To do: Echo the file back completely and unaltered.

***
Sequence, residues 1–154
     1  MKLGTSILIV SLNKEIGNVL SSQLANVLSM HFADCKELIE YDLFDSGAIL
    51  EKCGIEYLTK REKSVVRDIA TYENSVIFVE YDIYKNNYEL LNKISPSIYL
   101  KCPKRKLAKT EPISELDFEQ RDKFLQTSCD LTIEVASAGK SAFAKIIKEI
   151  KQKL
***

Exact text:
Sequence, residues 1–154
     1  MKLGTSILIV SLNKEIGNVL SSQLANVLSM HFADCKELIE YDLFDSGAIL
    51  EKCGIEYLTK REKSVVRDIA TYENSVIFVE YDIYKNNYEL LNKISPSIYL
   101  KCPKRKLAKT EPISELDFEQ RDKFLQTSCD LTIEVASAGK SAFAKIIKEI
   151  KQKL